‘Supervision is an accountable process which supports, assures and develops the knowledge, skills and values of an individual, group or team. The purpose is to improve the quality of their work to achieve agreed objectives and outcomes’ (Providing effective supervision CWDC/Skills for Care 2007).
Safeguarding supervision is complementary to, but separate from, managerial supervision.
Working Together to Safeguard Children 2018 states:
‘Effective professional supervision can play a critical role in ensuring a clear focus on a child’s welfare. Supervision should support professionals to reflect critically on the impact of their decisions on the child and their family’.
Effective supervision can help to:
- Promote and develop competence and skill in safeguarding practice
- Maintain a focus on the child
- Avoid the potential for ‘drift’/delay
- Provide an opportunity for exploring professional difference and challenging fixed views
- Review the evidence-base for agreed actions and decisions
- Address the emotional impact of the work
What is Workplace Wellbeing?
When organisations do a good job of their workplace wellbeing strategy, people are more likely to perform better, build more positive relationships, cope with their workload and work more creatively.
There are so many benefits to looking after your people, but CIPD’s Health and Wellbeing at Work survey identified the top three benefits that organisations see when increasing their focus on workplace wellbeing:
- Better employee morale and engagement
- A healthier and more inclusive culture
- Lower sickness absence
Managing My Workplace Wellbeing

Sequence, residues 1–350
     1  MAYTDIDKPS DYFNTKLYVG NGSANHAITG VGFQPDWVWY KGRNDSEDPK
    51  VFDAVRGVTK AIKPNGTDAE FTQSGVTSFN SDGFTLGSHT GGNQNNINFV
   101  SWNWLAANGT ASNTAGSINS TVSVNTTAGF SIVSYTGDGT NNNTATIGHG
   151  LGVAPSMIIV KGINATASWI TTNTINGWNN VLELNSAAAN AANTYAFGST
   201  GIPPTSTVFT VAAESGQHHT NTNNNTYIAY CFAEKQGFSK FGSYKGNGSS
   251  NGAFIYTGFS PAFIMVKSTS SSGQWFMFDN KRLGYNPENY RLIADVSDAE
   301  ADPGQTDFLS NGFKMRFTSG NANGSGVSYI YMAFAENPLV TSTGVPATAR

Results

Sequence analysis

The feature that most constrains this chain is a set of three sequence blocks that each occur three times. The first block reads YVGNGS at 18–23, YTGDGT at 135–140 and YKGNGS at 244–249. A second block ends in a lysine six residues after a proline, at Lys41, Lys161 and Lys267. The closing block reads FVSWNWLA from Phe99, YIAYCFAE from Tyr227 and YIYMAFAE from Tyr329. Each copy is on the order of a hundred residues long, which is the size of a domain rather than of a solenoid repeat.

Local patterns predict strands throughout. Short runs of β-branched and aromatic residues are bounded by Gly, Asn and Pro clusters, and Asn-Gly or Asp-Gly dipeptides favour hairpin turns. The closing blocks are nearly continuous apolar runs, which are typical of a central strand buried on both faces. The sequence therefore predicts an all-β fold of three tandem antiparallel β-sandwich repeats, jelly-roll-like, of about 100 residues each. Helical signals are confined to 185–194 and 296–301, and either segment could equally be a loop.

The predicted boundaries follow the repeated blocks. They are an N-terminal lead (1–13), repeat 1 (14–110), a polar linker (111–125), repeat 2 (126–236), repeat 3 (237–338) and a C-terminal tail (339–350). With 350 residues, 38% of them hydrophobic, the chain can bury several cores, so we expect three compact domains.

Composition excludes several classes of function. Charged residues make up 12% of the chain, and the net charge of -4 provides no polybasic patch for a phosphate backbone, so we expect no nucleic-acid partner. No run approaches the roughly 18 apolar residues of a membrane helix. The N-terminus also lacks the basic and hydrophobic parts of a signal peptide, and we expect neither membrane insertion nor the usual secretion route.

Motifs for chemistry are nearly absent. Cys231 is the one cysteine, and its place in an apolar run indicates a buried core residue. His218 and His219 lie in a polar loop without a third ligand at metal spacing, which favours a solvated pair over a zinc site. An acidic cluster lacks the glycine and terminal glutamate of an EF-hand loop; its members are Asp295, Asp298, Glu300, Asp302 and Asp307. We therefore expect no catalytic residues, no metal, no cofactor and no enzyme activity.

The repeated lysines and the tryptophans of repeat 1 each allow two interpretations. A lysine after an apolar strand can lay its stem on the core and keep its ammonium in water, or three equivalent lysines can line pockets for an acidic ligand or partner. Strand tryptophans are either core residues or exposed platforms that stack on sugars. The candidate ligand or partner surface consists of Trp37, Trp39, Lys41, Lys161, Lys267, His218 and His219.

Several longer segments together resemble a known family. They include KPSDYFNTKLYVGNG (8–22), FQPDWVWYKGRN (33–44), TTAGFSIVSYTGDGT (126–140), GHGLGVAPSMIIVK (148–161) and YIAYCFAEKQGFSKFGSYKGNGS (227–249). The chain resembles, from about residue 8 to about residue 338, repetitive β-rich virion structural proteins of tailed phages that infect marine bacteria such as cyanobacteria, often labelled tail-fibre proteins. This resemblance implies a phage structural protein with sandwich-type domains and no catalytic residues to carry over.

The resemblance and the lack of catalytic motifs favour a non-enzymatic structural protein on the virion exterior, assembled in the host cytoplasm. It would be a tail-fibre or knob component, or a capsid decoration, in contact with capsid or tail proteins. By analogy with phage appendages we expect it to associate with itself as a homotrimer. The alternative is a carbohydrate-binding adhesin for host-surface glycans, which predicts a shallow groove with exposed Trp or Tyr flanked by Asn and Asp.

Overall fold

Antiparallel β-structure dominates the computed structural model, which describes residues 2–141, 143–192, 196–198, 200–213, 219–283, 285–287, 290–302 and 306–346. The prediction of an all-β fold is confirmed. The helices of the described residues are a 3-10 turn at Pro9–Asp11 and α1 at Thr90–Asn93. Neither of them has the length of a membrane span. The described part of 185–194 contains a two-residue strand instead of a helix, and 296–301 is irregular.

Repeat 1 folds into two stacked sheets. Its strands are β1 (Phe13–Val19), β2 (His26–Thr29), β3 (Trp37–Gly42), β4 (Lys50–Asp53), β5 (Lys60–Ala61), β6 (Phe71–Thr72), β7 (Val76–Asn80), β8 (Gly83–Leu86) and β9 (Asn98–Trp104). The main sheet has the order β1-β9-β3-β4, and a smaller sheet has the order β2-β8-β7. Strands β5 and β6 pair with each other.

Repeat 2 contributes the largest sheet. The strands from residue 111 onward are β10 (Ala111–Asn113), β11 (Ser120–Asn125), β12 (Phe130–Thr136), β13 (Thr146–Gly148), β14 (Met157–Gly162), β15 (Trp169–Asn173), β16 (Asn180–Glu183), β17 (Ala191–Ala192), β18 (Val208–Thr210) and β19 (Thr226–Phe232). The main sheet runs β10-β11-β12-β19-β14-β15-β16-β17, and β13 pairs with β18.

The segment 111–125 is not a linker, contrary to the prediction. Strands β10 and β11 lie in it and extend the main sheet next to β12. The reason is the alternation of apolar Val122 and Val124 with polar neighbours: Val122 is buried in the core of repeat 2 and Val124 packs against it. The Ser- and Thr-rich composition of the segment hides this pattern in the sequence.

I have certainly learnt the importance of managing stress and what is important in my life. Fitting in exercise is very hard when we are tired and stressed but with the help of my locally owned fitness centre called Pride Fitness and a superb fitness instructor called Lucy Andrews I am motivated to stay as fit as possible.
Working out in a group has mental, physical and emotional benefits that include the reduction of overall stress. I enjoy attending group exercise with Rachael Malone aerobics.
Playing the game of golf provides a fun, challenging and social activity that takes place in beautiful and serene natural environments, also for great for stress relief.
Professor Jenny Roe, environmental psychologist and Director of the Center for Design & Health, University of Virginia, said:
“Golf is one way of capturing a regular ‘dose’ of green space to boost your psychological wellbeing as well as your physical health. There’s a huge wealth of evidence, using robust, scientific methods, to show the benefits of ‘green exercise’ – exercise in the natural outdoors – as compared to, say, exercise in the gym or indoors.”
A number of studies have demonstrated how spending time in natural environments produces a wide range of physical and mental benefits, including lowering heart rates, blood pressure and inflammation, as well as reducing cortisol (the “stress hormone”) levels.
I am so proud to have recently donated funds to Pride Fitness gym to purchase an onsite AED defibrillator. This has been installed outside so that can also be accessed by local people, to cut the risk of the loss of a life in the event of a sudden cardiac arrest.